You're at home, and are starting to get worried about some of the symptoms you've been experiencing lately. No problem…there's an app for that.
You fire up your iPhone, plug a couple of sensors into it, and attach them to your body. It takes your temperature, measures your blood pressure and heart rate, runs a few diagnostic tests, and then asks you if you're experiencing other symptoms, such as fever, headache, chills, nausea, abdominal pain, and enlarged lymph nodes. You acknowledge with a tap on the screen, and a voice announces, "Congratulations! You have bubonic plague. Please call 911 immediately."
OK, there's not really an app for that…yet
But they're working on it. Your smart phone, after all, contains in its slim chassis more computational power than all the computers at NASA combined had in 1969 when they used them to send a man to the moon. Doctors and computer scientists are working on "apps" (software programs that can run on phones) that will do exactly what I have described above.
The closest I've found to achieving this "Doctor In Your Pocket" goal that you can use today is the Symptom Checker at WebMD.com. It lives behind a hefty warning label that says, "This tool does not provide medical advice. It is intended for informational purposes only. It is not a substitute for professional medical advice, diagnosis or treatment." But it does allow you to tap into an extensive database of symptoms, drug and pharmaceutical information, and listings for health centers in your area. The next generation of "smart apps" for health care, however, may be light years ahead of this.
Future apps will perform blood tests, scan for skin cancer, or sniff out colon cancer
Really. Just ask Aydogan Ozcan, a bioengineer at UCLA, who has developed ways to convert a smart phone's camera into a blood-cell analyzer, and thus avoid the need to send blood to a lab. In his working models, you just mount a glass slide containing the blood sample in front of the phone's camera lens, and a light shines through it. The phone – which, after all contains more graphics power than a supercomputer did 20 years ago – processes the image and does simple things like perform a blood count, but also can scan for diseases like malaria or sickle-cell anemia. This "blood test phone" is still a long ways from being publicly available, but is already being considered for pilot studies in remote locations that don't have a blood lab nearby.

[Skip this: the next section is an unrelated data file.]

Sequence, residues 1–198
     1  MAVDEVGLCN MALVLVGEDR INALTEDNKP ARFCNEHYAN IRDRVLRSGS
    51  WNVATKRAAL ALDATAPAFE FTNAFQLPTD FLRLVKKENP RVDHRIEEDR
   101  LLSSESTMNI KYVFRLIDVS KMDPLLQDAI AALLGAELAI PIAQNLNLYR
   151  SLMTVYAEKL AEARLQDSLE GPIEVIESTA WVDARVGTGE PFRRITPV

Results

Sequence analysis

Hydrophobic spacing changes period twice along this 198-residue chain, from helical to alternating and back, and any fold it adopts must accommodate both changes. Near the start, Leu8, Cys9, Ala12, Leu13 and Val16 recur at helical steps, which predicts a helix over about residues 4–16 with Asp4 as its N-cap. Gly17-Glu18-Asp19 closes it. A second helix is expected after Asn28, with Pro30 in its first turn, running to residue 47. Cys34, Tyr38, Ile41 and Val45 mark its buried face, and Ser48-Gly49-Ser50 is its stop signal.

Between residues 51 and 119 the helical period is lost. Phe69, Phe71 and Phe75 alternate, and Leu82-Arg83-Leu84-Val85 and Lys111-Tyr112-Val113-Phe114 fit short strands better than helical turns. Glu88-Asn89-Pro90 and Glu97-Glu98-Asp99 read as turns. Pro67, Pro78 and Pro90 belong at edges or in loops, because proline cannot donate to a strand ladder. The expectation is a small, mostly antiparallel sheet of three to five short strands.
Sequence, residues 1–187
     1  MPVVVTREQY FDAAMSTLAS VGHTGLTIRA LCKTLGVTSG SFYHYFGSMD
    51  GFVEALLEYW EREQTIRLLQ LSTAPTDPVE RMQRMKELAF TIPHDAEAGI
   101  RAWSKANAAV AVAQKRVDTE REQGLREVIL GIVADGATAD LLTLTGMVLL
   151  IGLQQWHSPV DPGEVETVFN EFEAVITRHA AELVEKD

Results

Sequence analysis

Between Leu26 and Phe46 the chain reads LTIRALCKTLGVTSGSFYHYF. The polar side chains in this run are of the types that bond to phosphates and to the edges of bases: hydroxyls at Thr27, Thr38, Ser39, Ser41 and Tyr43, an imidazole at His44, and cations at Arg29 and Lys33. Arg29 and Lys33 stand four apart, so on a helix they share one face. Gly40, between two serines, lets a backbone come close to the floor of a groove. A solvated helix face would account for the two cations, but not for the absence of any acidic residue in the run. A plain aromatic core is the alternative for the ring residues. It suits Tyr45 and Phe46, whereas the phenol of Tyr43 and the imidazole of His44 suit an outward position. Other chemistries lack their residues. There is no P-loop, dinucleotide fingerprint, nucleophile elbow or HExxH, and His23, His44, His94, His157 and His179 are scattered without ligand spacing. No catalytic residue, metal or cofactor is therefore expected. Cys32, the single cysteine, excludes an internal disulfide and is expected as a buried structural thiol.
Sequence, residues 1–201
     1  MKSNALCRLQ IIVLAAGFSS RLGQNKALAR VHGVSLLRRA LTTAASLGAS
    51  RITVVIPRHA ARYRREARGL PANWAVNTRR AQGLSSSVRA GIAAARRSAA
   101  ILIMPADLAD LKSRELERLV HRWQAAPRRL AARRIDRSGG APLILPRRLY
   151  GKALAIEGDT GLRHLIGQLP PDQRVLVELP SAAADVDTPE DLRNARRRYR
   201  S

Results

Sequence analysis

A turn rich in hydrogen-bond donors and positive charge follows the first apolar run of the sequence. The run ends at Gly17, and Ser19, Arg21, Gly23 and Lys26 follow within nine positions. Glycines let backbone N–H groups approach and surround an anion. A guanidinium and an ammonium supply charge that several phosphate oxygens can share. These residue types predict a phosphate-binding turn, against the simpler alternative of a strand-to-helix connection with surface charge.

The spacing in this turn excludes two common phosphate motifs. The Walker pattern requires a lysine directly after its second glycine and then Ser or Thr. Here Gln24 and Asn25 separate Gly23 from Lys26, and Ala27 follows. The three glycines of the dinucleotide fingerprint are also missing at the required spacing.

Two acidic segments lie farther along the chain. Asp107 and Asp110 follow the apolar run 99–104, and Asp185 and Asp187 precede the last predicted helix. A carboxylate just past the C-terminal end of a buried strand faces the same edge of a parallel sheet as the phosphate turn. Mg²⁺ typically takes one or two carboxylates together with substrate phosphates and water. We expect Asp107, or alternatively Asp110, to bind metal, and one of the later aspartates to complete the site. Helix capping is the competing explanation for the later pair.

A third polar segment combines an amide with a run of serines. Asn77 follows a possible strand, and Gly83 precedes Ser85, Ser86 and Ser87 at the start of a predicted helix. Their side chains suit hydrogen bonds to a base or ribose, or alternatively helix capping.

Or consider the work being done by researchers at the University of Rochester, NY, where they are working on a smart phone attachment that can beam a tiny laser at one's skin, penetrate it to a depth of 2 millimeters, and perform a 3D analysis of what it sees to determine whether it's skin cancer. This research is eagerly awaited by many in the medical profession, because currently the only way to determine whether a patch of skin is cancerous is to perform a biopsy and take a sample of it back to a lab.
Even more fascinating is the work being done by Paul Rhodes, a neuroscientist whose company Metabolomx is developing what is essentially a "cancer Breathalyzer." As he explains, "Cancer cells have distinctive byproducts that healthy cells don’t. These small molecules diffuse into the blood and the breath, and the pattern can be recognized." His research was inspired by dogs who have been trained to detect the smell of cancer in the breath of a human being, with an astounding accuracy of 95%. Rhodes has been able to emulate the huge number of olfactory receptors in a dog's nose by printing 130 such receptors on a postage-stamp-sized piece of plastic. When you breathe on it, some of the sensors change color when they detect the smell of cancer; these color patterns can then be analyzed by a computer or even a smart phone. In tests, his technology has achieved 85% accuracy in identifying patients with lung cancer.
None of these technologies is available for your smart phone…yet. They are still in the development stages, and must leap many more scientific hurdles – not to mention legal hurdles, and the question of how to handle accountability in a computer application that diagnoses illnesses – before they're available to any of us. But such apps are coming, and may someday replace something that has now become a thing of the past – your doctor, actually making a house call.